In this examination of obsessive-compulsive behaviour case-histories are described, often in the words of the afflicted, and the effectiveness of various treatments is discussed. This pathological state is now regarded as much more common than was thought earlier, with possibly a million cases in Britain. The boy who couldn't stop washing is only one case described. There is also the man who is convinced, every time he drives his car, that he has run someone over and turns back again and again to check the roadside for a body; the woman who, in an effort to ensure her eyebrows are symmetrical, finally plucks out every hair; a man who cannot enter his front door without completing an elaborate ritual; another who checks his stove hundreds of times a day to make sure he really turned off the gas.
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An adolescent boy spends six hours a day washing himself – and still cannot believe he will ever be clean. A woman, in an attempt to make her eyebrows symmetrical, finally plucks out each and every hair. Another person cannot go through a door without completing an elaborate ritual.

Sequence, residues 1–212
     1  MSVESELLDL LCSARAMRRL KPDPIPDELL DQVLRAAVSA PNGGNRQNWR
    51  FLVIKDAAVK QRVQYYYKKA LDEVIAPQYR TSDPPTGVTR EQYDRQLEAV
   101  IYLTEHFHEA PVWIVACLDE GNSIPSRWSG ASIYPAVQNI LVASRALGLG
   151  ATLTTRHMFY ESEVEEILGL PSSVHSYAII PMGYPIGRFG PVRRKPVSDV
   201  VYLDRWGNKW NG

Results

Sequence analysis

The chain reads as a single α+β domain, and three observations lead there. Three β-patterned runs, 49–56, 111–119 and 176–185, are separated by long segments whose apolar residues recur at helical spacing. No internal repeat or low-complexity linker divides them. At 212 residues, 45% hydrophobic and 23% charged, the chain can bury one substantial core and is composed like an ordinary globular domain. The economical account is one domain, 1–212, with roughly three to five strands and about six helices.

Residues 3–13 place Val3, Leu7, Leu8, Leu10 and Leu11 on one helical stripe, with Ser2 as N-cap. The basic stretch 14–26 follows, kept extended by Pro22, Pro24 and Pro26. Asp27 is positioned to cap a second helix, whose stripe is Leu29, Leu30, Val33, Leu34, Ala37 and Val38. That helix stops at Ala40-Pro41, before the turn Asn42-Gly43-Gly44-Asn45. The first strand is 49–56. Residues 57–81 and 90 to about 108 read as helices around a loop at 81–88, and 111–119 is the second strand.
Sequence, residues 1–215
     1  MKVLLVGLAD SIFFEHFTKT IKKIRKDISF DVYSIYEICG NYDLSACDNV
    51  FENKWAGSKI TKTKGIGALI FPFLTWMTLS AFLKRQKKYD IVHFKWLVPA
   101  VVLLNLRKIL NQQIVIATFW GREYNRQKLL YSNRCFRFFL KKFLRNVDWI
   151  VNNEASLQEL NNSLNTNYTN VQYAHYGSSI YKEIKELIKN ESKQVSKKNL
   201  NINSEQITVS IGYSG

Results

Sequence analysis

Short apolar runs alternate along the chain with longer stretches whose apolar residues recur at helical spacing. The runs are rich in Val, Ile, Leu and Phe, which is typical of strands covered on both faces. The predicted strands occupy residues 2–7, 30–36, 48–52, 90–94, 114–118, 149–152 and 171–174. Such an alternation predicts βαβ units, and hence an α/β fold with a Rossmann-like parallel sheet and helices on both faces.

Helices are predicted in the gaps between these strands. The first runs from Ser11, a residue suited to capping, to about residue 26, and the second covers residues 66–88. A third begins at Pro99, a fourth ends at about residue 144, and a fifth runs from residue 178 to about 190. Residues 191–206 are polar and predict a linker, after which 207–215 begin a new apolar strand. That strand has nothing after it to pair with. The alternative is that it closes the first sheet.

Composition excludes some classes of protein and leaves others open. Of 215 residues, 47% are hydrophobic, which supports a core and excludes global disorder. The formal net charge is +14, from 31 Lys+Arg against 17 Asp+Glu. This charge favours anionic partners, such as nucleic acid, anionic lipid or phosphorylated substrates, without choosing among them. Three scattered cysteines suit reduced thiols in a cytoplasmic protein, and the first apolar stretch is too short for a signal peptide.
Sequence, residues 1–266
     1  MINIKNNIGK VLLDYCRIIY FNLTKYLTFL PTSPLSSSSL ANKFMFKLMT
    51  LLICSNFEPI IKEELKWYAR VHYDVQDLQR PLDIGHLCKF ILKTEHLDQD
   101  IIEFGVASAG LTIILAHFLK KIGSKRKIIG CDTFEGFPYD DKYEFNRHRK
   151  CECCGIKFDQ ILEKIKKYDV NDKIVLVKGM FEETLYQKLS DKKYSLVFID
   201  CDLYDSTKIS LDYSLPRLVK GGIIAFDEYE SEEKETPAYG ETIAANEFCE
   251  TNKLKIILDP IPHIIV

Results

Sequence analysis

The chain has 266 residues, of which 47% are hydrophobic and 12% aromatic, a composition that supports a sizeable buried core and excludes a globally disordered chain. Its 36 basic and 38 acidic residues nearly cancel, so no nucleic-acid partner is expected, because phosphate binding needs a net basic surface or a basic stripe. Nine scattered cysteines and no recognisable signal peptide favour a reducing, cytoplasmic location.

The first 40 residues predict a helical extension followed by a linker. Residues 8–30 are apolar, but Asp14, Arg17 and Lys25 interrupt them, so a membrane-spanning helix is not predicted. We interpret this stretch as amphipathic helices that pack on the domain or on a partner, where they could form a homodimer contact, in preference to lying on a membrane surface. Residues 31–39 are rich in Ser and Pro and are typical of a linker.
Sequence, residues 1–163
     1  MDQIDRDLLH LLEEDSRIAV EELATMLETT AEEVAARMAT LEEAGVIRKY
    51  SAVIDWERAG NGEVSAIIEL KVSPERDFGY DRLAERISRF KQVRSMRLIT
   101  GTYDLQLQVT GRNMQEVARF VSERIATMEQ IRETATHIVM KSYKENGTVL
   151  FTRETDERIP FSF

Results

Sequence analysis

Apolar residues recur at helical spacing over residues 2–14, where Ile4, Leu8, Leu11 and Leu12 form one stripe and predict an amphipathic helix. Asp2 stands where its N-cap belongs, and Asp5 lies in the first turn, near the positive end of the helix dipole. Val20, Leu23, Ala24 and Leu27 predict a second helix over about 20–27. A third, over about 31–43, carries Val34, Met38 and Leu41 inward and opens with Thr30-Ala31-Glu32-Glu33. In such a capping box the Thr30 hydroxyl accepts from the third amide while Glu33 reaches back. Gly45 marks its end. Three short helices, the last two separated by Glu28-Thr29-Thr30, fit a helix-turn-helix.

All these people are suffering from Obsessive-Compulsive Disorder, OCD, a disease which is now thought to affect more than a million people in Britain alone. But until now, sufferers have been silent, ashamed of their bizarre behaviour.
'The Boy Who Couldn't Stop Washing' is the first book to explain about OCD. It tells the stories of the afflicted, often in their own words. More importantly, it describes the successes doctors and patients have had with both experimental and existing treatments during the last eighteen years, at last offering hope to OCD sufferers.
"Deeply moving and impressive"
"Highly readable and engaging … deserves to be read"
"A remarkable treatise … fascinating"
MAIL ON SUNDAY
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Book Description HARPERCOLLINS, 1990. Paperback. Book Condition: New. book. Bookseller Inventory # 0006375197